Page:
Should I Be Gluten Free?

Many individuals feel better when they become gluten free and eliminate wheat from their diet.  Should you become gluten free as well?    A gluten free diet is necessary if you suffer from celiac disease; it is also beneficial if you have a wheat allergy or sensitivity.  However, physicians caution against using the diet for weight loss.  In fact, many gluten free foods actually contain more calories from fat and sugars to enhance taste.

Researchers hypothesize that most individuals who do not have a gluten dependent disorder but choose a gluten free diet feel better because they not only stop eating wheat –  they also avoid fast food, junk food, processed foods and fried foods.  Instead a healthier diet of increased fruits, vegetables and lean meats is consumed.   Additionally, gluten-free products can be expensive; on average costing 200% more than products that contain gluten.  Testing for celiac disease and gluten sensitivity is done with blood work.  For accurate diagnosis, testing must be done while consuming gluten to avoid false negative results.

Dr. Anne Hermann, a holistic internal medicine physician, offers celiac and food sensitivity testing to her patients.  Dr. Hermann is also board certified in nutrition.  Dr. Hermann maintains offices in Tampa and St. Petersburg Beach, Florida.  Please contact the office at (813) 902-9559 for more information or to schedule an appointment.

This post was written by Anne Hermann. Follow Anne Hermann on Google, Facebook, Twitter & Linkedin.

Celiac Disease vs Wheat and Gluten Sensitivity in Tampa St Pete, FL

Posted by Anne Hermann on Thu, Mar 29, 2012 @ 10:03 AM

Anne Hermann, MD

I have many patients who think that if they do not have celiac disease, they do not have a wheat or gluten sensitivity.  This is not true: celiac disease and food allergies are two different diseases.  Celiac disease is a severe, genetic disease that can result in vitamin deficiency, osteoporosis and intestinal cancer.  Gluten sensitivity (also termed wheat allergy) is usually less severe.  It can still cause inflammation, gas, bloating and rashes, but will not result in cancers or nutritional deficiencies.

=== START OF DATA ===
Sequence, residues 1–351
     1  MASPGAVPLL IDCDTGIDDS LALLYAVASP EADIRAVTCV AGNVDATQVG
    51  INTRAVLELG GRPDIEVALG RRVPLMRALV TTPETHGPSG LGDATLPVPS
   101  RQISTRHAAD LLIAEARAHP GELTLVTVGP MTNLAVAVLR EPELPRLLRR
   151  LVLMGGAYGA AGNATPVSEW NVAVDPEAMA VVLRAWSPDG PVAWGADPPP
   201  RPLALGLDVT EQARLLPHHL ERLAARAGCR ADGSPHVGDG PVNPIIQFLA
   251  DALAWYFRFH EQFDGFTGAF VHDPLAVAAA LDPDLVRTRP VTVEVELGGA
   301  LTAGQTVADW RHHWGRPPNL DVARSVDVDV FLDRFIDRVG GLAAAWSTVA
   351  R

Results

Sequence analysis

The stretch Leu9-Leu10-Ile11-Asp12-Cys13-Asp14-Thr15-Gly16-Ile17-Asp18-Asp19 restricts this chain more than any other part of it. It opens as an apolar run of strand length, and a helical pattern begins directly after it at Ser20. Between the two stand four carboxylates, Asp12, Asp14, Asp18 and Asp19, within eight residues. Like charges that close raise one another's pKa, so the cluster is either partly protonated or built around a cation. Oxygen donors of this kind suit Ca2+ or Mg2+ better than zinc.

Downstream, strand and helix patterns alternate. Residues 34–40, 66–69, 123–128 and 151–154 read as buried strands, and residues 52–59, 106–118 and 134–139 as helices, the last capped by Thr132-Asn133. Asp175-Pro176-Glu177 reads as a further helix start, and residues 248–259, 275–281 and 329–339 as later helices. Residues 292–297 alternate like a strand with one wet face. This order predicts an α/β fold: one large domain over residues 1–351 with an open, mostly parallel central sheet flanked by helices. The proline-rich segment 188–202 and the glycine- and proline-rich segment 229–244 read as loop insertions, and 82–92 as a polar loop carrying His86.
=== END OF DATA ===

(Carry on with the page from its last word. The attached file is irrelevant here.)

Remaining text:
Celiac disease is also called celiac sprue, nontropical sprue and gluten-sensitive enteropathy.  It occurs in 1 in 133 people and is more common in people with family members who have celiac disease, autoimmune thyroid disease, and type I diabetes.  Signs that you may have celiac disease are diarrhea, constipation, gas, iron, vitamin D and B vitamin deficiencies.  The diagnosis is made by bloodwork for specific antibodies and colonoscopy while eating gluten.  If you have been avoiding gluten for more than two weeks prior to testing, these tests may be falsely negative.

Wheat allergy or gluten sensitivity is an allergic reaction that releases antibodies different than the ones in celiac disease.  If the allergy is extreme, you can have shortness of breath or rashes and should be seen by a doctor.  More common wheat allergies, cause gas, nasal congestion, bloating, diarrhea or constipation.   It will not affect your ability to absorb vitamins and will not cause osteoporosis or cancer.

I always check for celiac disease first, because it is the more serious illness and we don’t want to miss it.  If you have problems digesting wheat and we find that you do not have celiac disease, then I test for gluten sensitivity.  If you are interested in this topic, please check out my blog on food sensitivity testing and elimination diets.   I am board certified in Internal Medicine and as a Physician Nutrition Specialist and have offices in Tampa and St Petersburg, FL.  Please call (813) 902-9559 to schedule your appointment.

This post was written by Anne Hermann. Follow Anne Hermann on Google, Facebook, Twitter & Linkedin.